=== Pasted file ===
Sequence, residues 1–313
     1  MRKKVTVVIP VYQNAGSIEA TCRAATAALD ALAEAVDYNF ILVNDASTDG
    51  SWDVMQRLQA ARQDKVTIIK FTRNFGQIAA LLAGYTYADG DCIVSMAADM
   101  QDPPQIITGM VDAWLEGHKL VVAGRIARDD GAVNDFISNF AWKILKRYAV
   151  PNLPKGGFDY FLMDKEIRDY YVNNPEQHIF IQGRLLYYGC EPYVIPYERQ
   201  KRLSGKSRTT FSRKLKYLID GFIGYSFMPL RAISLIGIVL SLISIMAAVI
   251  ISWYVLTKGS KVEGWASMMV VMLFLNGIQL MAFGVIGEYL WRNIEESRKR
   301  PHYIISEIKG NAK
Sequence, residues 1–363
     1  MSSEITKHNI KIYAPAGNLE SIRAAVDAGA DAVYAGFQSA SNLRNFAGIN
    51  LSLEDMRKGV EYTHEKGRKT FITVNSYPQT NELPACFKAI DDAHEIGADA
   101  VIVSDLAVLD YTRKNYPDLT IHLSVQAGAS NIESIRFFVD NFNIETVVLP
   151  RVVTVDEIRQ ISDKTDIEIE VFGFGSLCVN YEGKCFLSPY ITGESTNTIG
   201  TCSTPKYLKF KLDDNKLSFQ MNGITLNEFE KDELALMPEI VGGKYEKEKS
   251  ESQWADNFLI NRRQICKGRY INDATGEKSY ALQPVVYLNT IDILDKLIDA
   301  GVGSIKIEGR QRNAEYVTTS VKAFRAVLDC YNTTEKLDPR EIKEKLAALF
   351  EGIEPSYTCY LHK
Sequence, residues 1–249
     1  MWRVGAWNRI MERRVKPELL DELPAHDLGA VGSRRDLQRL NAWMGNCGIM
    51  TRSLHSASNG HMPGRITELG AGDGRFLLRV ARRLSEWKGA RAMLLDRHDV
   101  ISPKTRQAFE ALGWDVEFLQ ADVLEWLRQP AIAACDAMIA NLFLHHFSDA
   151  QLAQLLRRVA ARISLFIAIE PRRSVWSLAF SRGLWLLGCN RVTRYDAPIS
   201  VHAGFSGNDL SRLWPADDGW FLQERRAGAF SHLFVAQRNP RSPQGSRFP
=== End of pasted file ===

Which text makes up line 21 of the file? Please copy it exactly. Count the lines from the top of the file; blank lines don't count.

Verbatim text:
   101  ISPKTRQAFE ALGWDVEFLQ ADVLEWLRQP AIAACDAMIA NLFLHHFSDA